This is another of the Britannia series of documentaries, the previous one I watched was Synth Britannia, which I wrote about a couple of posts back.

In this we follow heavy metal from it’s very early beginnings in England with bands like Budgie, Deep Purple, and of course Black Sabbath. There are plenty of interviews with many people including Tony Iommi, Geezer Butler, Rob Halford, Bruce Dickinson, Lemmy, and Ozzy. And there is plenty of interesting footage and photos.

I learned a few interesting things such as how the term “heavy metal” was coined by William H. Burroughs in his “Naked Lunch” book. Steppenwolf then used it in their song “Born To Be Wild”. However, to check the story on the interwebs I came up with this article which tells a different and not conclusive tale.

I also learned that it was Judas Priest who started the whole leather, gun belts, and plenty-of-studs look that defined how a heavy metal band should look. And I learned that many of these heavy metal chaps are quite nice fellows who just love what they do…always the best way to be. Rob Halford is a very likeable fellow, and Ozzy is just plain funny.

Rob Halford

Definitely a must-watch for metal fans, and an education for those who know little about one of the happiest forms of music there is (I can attest to that).

Date watched: October 28th
Score: 9/10
Film count 2018: 71

Synth Britannia

This is a BBC documentary about the rise of synth music in Britain. It features band members from pioneering bands such as OMD, The Normal, Depeche Mode, Pet Shop Boys, New Order, and Throbbing Gristle, as well as Wolfgang Flür (ex-member of Kraftwerk).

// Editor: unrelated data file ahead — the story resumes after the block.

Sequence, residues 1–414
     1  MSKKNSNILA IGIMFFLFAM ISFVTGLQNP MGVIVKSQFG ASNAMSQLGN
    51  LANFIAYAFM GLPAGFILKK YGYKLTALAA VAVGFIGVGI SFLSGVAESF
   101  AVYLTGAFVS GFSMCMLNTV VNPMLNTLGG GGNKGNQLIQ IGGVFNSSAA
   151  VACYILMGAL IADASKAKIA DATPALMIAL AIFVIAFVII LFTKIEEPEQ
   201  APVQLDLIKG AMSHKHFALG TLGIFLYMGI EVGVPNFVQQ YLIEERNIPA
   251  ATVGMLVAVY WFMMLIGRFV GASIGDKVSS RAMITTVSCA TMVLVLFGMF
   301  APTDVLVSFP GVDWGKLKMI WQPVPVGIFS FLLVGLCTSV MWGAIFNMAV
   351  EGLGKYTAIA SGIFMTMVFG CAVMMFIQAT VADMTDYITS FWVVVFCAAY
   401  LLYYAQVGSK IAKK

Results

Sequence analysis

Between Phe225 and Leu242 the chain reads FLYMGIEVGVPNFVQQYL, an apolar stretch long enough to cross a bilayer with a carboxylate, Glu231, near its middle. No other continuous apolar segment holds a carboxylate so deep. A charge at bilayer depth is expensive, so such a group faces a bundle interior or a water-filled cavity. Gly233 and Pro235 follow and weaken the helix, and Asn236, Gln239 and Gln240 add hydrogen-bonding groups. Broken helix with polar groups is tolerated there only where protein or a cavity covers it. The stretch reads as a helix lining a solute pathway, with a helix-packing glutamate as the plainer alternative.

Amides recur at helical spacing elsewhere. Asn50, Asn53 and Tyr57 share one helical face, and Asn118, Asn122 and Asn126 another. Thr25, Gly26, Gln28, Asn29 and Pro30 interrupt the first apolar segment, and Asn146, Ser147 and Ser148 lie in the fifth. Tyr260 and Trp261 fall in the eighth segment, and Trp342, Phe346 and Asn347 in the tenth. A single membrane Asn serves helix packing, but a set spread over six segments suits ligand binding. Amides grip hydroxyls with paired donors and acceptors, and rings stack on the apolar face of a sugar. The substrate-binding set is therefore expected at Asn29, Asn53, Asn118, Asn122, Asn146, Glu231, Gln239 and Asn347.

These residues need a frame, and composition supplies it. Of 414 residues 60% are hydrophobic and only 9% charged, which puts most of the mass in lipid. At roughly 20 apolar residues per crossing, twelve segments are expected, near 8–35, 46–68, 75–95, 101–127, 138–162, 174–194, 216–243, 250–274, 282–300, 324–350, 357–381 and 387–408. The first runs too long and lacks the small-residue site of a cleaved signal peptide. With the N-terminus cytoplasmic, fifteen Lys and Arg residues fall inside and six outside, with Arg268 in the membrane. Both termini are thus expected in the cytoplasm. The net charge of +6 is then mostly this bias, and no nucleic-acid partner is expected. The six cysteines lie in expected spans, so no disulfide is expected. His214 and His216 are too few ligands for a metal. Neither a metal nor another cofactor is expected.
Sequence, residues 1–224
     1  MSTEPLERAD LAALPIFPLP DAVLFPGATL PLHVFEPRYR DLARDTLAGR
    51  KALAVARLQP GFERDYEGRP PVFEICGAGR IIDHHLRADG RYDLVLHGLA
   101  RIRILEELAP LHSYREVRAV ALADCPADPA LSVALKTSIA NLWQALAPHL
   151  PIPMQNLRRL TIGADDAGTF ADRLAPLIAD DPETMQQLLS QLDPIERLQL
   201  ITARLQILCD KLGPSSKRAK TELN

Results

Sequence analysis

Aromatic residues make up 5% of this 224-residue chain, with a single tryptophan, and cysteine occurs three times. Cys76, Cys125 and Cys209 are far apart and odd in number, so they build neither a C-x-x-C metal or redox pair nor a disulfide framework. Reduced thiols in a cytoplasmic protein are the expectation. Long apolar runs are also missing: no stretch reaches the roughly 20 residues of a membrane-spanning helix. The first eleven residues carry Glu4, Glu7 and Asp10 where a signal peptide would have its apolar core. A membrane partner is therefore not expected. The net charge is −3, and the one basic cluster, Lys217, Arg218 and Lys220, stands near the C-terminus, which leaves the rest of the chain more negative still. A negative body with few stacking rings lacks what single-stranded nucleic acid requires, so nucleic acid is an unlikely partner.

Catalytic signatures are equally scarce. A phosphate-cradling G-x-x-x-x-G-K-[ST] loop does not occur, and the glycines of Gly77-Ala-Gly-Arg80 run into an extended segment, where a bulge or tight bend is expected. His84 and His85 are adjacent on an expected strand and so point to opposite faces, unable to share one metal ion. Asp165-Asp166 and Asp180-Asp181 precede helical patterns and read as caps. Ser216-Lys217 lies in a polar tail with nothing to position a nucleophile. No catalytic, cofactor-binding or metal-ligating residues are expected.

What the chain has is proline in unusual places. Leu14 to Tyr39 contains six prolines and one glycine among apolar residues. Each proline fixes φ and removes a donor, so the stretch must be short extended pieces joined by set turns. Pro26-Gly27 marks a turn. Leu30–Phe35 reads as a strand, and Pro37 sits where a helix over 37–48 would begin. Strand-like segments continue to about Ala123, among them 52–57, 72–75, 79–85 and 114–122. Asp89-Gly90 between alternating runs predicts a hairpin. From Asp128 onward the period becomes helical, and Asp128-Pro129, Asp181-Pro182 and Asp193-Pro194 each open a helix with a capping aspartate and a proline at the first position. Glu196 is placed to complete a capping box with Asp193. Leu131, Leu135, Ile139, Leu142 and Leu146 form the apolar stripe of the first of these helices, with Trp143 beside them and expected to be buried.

Synth music was introduced to England because of Kraftwerk, and from there synth music battled to become accepted for quite some time until Gary Numan came along and after his big success with Cars the record companies started to notice (that they could make money).

I was surprised at just how much good synth equipment cost back in the early seventies, one particular synth machine was said to cost the same as a small house. A musician that was interviewed had to choose between buying a car to get his driver’s licence, or buying a synth, and of course he chose the synth and said to this day he still cannot drive. They were mostly poor musicians too, Depeche Mode said they had to carry their synths on the train to get to their first Top of the Pops performance…synths are very heavy of course. Depeche Mode are all filthy rich guys now.

The documentary itself was well made, true of any BBC documentary. The interviews were all interesting, and there was plenty of great archive footage. The story had a narrator, but it was mostly told by the musicians themselves.

The Golden Age of British synth ended in the 90’s due to over-commercialisation and the resurgence of guitar music. The final words in the film from Andy McCluskey of OMD sum it up quite well and amusingly (click on the link).

Electronic music these days is alive and well, I enjoy listening to The Chemical Brothers, Buck Futtons, Fatboy Slim, and Aphex Twin. Still, I have good memories of synth music in the 80’s, even if I wasn’t huge fan at the time.

Recommended watching if you like a bit of music history. It would also help if you are familiar with most of the bands.

Watch it here.

Date watched: October 27th
Score: 9/10
Film count 2018: 69